tell us the story. >> that was something i discovered at burbank a junior high school in seventh grade. my counselor in rolled meat and banned. not something i chose. and elective van day put me there. i was so lucky to have them put in that class the cousin i walked in there my teacher said which instrument do you want to pay? i thought i had to pay per eyes of commons does it cost? he said it does not cost anything. it seemed like the whole world opened up to me i could choose whichever i wanted eyes of the saxophone that is the one i wanted. >>host: do you still play today? >>guest: i don't play any more and have not played since i graduated from city college.
1:10 am
and then there was no marching band. but then i discovered other things with film and video and dance and other things but i really messed of saxophone but one of my teachers pulled me aside she said it is good york creative to learn new saying's but you'd need to choose one thing to focus on or you will be a jack of all trades. i went home and is thought to what can i not live without? that is when i decided right team is the one thing i could not live without so i gave up everything else. >>host: you are an award winning novelist winning a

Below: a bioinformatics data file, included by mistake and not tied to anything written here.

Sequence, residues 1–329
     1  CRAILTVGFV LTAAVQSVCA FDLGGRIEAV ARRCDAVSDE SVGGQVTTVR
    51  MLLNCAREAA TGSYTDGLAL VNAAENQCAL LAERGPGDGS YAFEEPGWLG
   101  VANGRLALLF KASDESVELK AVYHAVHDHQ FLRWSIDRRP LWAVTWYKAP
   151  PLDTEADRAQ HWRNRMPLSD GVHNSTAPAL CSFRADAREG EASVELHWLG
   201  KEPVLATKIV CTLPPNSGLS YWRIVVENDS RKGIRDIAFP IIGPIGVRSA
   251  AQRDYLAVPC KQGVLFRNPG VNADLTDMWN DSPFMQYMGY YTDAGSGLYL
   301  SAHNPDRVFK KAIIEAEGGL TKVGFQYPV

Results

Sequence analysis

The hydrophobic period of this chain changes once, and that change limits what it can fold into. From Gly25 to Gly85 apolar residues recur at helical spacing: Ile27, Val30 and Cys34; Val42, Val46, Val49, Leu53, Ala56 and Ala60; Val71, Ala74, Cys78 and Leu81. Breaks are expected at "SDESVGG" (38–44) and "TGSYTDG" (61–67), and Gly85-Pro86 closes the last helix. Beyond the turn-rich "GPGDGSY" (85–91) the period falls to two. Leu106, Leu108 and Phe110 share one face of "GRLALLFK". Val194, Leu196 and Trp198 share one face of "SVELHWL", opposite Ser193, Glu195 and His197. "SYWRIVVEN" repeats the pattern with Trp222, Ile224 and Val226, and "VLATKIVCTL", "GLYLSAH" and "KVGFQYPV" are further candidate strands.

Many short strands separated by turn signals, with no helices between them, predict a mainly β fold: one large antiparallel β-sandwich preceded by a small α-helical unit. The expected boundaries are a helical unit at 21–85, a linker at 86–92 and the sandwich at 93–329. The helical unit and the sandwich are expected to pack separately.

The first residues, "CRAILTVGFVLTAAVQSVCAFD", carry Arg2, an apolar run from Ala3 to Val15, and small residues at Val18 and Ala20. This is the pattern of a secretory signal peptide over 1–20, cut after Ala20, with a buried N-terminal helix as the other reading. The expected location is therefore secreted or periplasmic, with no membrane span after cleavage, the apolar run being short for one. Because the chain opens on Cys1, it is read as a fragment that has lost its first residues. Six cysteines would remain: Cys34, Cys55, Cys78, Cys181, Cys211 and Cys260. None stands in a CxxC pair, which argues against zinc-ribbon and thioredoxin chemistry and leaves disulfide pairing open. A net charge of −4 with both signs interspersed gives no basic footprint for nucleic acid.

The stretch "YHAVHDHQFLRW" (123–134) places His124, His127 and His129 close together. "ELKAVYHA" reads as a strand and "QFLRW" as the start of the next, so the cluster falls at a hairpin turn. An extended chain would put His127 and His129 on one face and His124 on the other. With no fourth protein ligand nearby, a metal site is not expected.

1:11 am
booker award 2007, a dancing with butterflies the international latino booker award 2010 and this is your first nonfiction. this is very personal. >>guest: extremely personal. yes. that is the only way i know how to right to. even with fiction it is inspired by personal experiences. many times i was afraid to go there because it was extremely personal and not just writing about myself, my family, my parents, many times i felt a was writing things that i shouldn't but then i felt but then i felt i had to be
1:12 am